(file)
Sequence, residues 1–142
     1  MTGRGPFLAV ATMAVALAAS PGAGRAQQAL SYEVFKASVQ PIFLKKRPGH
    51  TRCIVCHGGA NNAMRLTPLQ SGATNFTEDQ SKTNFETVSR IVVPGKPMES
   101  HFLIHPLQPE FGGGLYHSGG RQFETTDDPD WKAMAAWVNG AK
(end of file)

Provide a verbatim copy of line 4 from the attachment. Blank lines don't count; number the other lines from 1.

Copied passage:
   101  HFLIHPLQPE FGGGLYHSGG RQFETTDDPD WKAMAAWVNG AK